Is GMAC India Management Graduate Survey Misleading Indian students?
The GMAC India Management Graduate Survey 2013 report shares questionable data. It could have been ignored if it was any other report. However, if such findings come from GMAC, world’s foremost testing organization, it demands answers.
Can 18 B-schools truly represent India? Even amongst the 18 B-Schools that participated in the survey, six of them are top tier schools with enviable placement records and if they dominate the sample size, it would naturally skew the results. And to top it, the survey presents no information on the number of responses from each school.
52% of the respondents in the survey have pursued a one-year programme. In India, there is a distinct difference in the profile of the students who pursue one-year programmes. They are experienced and normally look for lateral placement. Very few schools offer such programmes. Any generalization based on their response is unfair to the lakhs who pursue 2-year full-time programme.
GMAC global report when speaking about placements in India says “Two-thirds of students at full-time one-year (67%) and full-time two-year (70%) MBA programs received job offers prior to graduation, as did 68% of job-seeking students at two-year PGP Programmes. One-year PGP graduates fared the best with 83% of job-seeking students securing an offer of employment before graduation.” But the GMAC’s Indian report has a different number: It says 83% of graduating students in two-year PGP had job offer by mid-march 2013. One of the reports is plain wrong.
If we go by GMATs global report on India, nearly 32% of student body surveyed (graduating in 2013) is still jobless. This reads very close to the data we obtained during our survey of graduate MBAs & PGDMS. In other words the GMAC global data is more real. But highlighting that data may not do much good to glamourize MBAs & PGDMS. (See www.gmac.com/globalgrads).
The Indian report makes the eye-popping claim that there is 122% increase in salary between pre and post MBA scenario. But what this big number does is to club a four-year experienced candidate with a fresher. The global survey slices the pre-MBA student in to four categories, namely one with six or more years of experience, one with three to six years of work experience and one with less than three years of work experience. If they had bothered to slice the data, then they would have got dramatically different numbers. But then Indian students are gullible, and all aggregates are meant to mislead.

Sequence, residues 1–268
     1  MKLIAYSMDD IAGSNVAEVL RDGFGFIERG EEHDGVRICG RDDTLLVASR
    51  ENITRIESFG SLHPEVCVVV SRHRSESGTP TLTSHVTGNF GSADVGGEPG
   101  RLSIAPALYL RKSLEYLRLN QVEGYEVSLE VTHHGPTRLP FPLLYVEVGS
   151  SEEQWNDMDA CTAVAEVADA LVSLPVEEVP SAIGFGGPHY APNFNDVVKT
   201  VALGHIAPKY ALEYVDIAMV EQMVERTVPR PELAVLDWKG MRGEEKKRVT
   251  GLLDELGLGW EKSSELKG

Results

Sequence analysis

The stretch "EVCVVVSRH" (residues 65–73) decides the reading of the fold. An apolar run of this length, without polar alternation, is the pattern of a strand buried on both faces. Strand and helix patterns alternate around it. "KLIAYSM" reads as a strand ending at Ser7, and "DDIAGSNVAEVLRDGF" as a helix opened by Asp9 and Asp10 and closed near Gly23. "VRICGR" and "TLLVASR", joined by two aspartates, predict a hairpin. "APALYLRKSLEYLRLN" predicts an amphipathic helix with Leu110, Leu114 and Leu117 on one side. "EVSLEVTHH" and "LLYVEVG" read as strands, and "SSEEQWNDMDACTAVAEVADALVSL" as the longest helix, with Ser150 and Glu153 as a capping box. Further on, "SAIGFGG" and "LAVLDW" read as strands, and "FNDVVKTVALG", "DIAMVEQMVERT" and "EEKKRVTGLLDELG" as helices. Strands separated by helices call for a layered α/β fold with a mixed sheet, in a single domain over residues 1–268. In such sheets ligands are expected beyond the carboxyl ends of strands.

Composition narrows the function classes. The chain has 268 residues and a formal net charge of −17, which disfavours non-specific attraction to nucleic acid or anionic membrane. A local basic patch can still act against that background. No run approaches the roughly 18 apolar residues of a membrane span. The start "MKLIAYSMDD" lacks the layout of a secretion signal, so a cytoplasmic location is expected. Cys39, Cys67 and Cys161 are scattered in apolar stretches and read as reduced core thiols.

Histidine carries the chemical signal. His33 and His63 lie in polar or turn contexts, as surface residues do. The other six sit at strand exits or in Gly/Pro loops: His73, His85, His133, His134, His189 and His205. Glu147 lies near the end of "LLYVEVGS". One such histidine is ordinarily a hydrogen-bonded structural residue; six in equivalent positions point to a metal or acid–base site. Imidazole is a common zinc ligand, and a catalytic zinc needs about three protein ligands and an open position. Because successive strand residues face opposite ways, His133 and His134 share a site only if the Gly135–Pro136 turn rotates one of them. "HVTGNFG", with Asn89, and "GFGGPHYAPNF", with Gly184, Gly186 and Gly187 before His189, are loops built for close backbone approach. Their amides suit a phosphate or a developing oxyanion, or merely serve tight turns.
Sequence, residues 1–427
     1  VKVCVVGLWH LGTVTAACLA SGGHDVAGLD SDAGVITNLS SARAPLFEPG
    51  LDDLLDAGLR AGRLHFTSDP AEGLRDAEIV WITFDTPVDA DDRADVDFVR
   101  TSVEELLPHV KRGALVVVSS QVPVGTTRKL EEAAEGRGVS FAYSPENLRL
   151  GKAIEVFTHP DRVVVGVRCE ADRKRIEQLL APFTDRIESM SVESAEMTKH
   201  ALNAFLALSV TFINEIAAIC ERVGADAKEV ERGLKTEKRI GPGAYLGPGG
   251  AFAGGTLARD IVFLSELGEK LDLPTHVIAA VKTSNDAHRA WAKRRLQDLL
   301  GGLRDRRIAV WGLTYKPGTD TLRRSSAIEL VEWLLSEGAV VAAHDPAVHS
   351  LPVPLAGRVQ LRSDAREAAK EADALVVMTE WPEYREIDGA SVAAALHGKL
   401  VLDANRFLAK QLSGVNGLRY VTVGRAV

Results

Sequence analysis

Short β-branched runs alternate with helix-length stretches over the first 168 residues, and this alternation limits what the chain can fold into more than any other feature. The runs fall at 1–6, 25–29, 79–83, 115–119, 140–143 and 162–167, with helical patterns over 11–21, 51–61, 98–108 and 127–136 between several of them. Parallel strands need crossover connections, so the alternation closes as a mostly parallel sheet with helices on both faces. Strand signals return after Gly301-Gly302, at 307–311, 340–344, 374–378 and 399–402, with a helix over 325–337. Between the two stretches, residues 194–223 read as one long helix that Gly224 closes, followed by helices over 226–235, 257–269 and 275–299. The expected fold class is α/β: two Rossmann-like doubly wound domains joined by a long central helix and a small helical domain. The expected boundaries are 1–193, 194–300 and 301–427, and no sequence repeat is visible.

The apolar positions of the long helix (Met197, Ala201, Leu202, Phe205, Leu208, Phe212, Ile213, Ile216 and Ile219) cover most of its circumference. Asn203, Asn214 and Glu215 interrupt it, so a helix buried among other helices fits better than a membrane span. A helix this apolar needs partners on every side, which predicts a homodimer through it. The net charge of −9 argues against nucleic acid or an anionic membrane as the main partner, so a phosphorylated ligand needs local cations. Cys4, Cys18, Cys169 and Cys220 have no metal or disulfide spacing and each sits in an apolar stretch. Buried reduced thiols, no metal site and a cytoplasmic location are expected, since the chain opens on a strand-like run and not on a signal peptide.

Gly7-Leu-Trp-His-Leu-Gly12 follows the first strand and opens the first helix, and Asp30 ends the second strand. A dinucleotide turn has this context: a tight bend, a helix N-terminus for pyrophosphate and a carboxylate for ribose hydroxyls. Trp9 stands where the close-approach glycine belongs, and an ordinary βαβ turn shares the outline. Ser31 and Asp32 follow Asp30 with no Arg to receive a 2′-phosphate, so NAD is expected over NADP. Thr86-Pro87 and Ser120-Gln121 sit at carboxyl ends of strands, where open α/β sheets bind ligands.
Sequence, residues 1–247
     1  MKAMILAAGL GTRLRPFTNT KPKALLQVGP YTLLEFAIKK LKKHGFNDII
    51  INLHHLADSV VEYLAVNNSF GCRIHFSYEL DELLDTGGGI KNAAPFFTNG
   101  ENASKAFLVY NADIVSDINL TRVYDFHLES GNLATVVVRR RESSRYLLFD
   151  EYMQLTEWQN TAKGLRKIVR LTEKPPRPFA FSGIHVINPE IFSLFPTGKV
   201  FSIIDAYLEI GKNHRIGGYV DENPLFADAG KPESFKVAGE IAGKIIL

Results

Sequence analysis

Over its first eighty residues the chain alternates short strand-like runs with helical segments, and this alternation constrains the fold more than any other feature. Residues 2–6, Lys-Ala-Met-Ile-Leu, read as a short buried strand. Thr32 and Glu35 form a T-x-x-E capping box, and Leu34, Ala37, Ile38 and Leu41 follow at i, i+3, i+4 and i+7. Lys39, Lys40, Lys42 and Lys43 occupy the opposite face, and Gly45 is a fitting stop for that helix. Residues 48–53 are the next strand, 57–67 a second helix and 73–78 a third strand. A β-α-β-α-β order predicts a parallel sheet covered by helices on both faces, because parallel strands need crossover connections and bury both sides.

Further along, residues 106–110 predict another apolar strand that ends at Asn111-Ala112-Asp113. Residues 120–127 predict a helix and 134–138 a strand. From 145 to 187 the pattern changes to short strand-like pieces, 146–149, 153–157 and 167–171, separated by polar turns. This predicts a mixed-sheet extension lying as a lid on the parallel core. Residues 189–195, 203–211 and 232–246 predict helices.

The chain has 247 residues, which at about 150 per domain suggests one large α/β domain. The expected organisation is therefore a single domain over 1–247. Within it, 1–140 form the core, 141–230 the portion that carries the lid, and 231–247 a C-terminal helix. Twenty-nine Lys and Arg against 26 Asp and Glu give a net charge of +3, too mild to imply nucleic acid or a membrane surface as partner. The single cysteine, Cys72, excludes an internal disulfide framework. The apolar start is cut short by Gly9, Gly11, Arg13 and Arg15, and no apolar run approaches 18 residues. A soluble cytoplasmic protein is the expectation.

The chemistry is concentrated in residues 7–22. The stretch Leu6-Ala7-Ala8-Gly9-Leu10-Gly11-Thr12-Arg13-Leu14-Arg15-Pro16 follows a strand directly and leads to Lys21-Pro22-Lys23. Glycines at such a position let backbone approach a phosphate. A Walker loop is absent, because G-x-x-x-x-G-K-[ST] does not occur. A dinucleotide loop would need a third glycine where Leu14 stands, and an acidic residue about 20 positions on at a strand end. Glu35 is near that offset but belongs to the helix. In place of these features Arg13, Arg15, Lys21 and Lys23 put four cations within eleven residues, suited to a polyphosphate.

87% of the graduates in India recommend their programme, the survey claims. By not specifically asking whether they will recommend their school, GMAC is not doing much service to the schools.
Page 25 of the Indian report says that more than 80% of Indian students indicate that graduate management programme provides students advantages in job market. It also goes on to identify five parameters. But what the table in page 38 gives for each of these parameters is an agreeability percentage that varies from 5% to 50%. How they arrived at the 80% figures puzzles us.
In fact the contents of the table on page 38 are quite surprising. It says just 5% of the respondents agree with the statement that education controls one’s employment outcomes. Just 11% agree that it introduced them to new career opportunities. If this is correct it is alarming.
That all real life problems need a combination of data, verbal and logical skills to solve is a given. To ask students whether such a skill helps in getting a job is asking the obvious. All that GMAC achieves here is a little promotion of its new test.
One can understand and appreciate the need for GMAT to popularize itself with Indian B-Schools and MBA aspirants. But painting an unnecessarily rosy picture, especially when the markets are challenging, is definitely not the correct way to go about this.
Editor’s note: We had written to GMAT seeking clarifications on data. Despite oral promises to revert, no response has been received until now. We will be very happy to publish the response, as and when we receive it.